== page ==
Mindful Menstruation’s core goal is to first and foremost change attitudes around menstrual and sexual health, starting from creating an environment where a woman can seek out menstrual hygiene products without a second thought. “The reason we need Mindful Menstruation is because there’s still so much that is taboo,” Paba explained, noting: “In rural settings, there is so much shame that women cannot access hygiene products.” Often, it is this lack of access to sanitary napkins (or napkins being too expensive) that leads to rural women resorting to traditional methods like using cloth, but even for those women who can afford menstrual hygiene products like sanitary napkins there’s still a huge amount of stigma around being able to buy such products.
Paba shared that in many rural areas, the act of simply going to buy a sanitary napkin is often treated like a heist – the girl in question goes to the shop and hangs around for a little bit, making small talk with the mudalali, before discreetly making her way to the cabinet where pads are, then taking one and placing it near the mudalali while loudly asking for a pack of biscuits. “There is so much shame around menstruation. It has been made into something very unclean and women are put down with no understanding of how their bodies work,” Paba said. “This is why we need to separate myth from scientific fact and educate people on how natural this process is, and that it is a right to remain hygienic, access these products, and understand and educate themselves about how their bodies work.”
Through Mindful Menstruation’s approach of going directly to these communities at the grassroots level, Paba explained that they are better able to drive change. Mindful Menstruation doesn’t focus solely on menstruation, but a variety of other important things as well, like bodily integrity and autonomy, consent, pleasure, virginity, violence and its prevention, child abuse and corporal punishment, and protecting children.
“I always say that we can go talk to a community for hours, but if they’re not ready to listen there is no point. They need to have an open mind to listen to what is being said,” Paba said, explaining the rationale behind combining Mindful Menstruation with other programmes. “Because Mindful Menstruation is not only about menstruation, but also about bodily integrity and prevention of violence, there is a certain type of acceptance. We also give free pads to 150 women every month. What we’re trying to do right now is harm-reduction and build a space for them to talk. Women think menstruation is something you’re not supposed to talk about, and this needs to change. What we’ve done with Mindful Menstruation is open a space and made them understand we don’t judge them for having their period. We ask them questions like how their last month’s period was, and immediately, you create a space for them to be open. We have 100% participation in our conversations. They bring up their challenges, and now, we’ve even come to the point where they also propose and make solutions, which is the point of having such conversations.”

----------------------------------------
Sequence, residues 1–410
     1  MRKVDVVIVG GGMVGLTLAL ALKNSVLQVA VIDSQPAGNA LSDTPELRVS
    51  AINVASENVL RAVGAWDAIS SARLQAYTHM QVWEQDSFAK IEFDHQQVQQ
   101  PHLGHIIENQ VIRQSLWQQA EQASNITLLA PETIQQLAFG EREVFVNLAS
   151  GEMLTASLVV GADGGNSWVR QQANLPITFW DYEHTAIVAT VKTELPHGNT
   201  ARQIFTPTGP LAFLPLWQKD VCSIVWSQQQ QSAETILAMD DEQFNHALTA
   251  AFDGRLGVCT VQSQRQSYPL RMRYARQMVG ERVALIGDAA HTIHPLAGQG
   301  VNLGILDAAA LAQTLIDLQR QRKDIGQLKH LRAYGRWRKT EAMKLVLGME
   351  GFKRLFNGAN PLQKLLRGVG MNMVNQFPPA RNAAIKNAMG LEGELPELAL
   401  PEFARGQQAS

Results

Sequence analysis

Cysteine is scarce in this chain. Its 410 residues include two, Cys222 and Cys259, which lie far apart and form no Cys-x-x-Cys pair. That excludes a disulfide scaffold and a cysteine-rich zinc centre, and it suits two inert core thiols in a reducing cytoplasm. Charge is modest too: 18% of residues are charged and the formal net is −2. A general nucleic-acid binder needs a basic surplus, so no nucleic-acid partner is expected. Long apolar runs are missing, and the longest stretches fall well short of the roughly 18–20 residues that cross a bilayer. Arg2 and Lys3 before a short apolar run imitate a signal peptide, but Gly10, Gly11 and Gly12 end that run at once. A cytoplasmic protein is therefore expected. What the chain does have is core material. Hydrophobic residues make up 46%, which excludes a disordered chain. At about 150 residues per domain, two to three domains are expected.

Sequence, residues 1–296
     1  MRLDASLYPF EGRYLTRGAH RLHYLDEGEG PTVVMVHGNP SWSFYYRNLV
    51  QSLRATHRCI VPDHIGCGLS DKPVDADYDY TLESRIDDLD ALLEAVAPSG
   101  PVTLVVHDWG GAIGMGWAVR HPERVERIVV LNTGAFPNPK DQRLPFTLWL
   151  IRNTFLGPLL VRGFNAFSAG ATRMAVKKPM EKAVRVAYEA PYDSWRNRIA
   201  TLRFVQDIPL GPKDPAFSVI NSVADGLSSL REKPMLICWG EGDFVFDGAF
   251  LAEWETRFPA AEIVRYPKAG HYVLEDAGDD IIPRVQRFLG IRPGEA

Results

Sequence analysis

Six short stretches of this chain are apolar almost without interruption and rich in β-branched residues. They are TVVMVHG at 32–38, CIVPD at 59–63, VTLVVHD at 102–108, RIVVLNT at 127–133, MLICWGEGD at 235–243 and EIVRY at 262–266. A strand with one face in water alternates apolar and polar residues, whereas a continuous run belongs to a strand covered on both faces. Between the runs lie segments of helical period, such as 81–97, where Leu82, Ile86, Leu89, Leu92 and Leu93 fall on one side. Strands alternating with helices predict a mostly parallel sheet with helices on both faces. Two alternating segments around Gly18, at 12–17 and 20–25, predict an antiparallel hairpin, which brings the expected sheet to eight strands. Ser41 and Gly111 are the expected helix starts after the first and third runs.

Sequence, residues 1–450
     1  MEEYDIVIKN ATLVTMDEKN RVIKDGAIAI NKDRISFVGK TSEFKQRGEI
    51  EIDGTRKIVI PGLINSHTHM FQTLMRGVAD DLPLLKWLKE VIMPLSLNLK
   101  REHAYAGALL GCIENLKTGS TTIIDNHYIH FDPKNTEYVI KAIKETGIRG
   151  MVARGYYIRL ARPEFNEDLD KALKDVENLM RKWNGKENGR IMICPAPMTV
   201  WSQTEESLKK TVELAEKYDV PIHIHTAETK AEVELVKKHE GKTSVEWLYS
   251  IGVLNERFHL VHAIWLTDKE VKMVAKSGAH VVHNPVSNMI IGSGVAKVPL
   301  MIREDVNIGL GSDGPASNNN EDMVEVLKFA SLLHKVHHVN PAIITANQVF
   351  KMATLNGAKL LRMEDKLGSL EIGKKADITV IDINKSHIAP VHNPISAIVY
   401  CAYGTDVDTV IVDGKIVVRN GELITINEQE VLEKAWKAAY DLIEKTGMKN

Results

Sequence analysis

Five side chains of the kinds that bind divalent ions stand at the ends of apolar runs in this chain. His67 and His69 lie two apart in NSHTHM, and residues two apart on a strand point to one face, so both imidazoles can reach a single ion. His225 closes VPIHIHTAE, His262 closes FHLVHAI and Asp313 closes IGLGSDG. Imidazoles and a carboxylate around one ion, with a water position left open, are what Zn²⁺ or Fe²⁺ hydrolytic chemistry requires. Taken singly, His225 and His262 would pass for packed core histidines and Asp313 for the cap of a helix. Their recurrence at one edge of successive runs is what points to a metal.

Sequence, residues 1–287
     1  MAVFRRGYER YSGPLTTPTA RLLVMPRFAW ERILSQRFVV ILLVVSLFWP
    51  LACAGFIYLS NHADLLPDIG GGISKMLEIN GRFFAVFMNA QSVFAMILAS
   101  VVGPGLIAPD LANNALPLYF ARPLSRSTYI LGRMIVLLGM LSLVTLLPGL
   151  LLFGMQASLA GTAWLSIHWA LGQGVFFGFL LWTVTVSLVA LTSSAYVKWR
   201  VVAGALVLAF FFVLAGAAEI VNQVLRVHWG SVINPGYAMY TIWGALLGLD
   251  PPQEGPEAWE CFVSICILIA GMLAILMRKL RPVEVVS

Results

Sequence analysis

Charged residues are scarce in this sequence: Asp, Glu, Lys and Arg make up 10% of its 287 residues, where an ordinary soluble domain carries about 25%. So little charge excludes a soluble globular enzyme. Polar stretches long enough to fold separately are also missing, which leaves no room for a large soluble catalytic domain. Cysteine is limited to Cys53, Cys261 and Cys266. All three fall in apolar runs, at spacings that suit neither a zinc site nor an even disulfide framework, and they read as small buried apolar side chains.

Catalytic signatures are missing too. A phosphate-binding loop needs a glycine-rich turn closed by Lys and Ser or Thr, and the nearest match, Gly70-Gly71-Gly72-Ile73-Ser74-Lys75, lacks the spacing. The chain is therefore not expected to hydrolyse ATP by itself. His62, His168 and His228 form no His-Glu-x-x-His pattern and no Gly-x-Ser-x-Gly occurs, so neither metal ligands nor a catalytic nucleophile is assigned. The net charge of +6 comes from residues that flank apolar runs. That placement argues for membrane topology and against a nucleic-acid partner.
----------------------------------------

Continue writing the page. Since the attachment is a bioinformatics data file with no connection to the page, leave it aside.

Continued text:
Greater education is also vital to making moves towards ending period poverty. “There are wide gaps in understanding about menstruation, which is why this is happening,” Paba said, adding that myths stating that menstruating women shouldn’t bathe and cultural practises like menstruating women being forbidden from visiting temples also contribute to the taboo around menstruation. “We need to fill the gaps, and this needs to be addressed across all levels of society.”
Having commenced Mindful Menstruation last year during the lockdown with a small group of rural women in Ibbagamuwa, The Grassrooted Trust is now looking to expand and touch the lives of more women. The support of the public is crucial for such initiatives and so, The Grassrooted Trust would like to invite the public to be a part of Mindful Menstruation by donating to sponsor menstrual health and hygiene products for rural women or to sponsor a Mindful Menstruation and be a part of driving long-term social change. It costs Rs. 4,000 to sponsor 25 packs of disposable sanitary napkins or two period cups, and Rs. 5,000 to sponsor a Mindful Menstruation Discussion.
For more information on how to donate or support Mindful Menstruation or to stay updated on its progress, please contact The Grassrooted Trust on firstname.lastname@example.org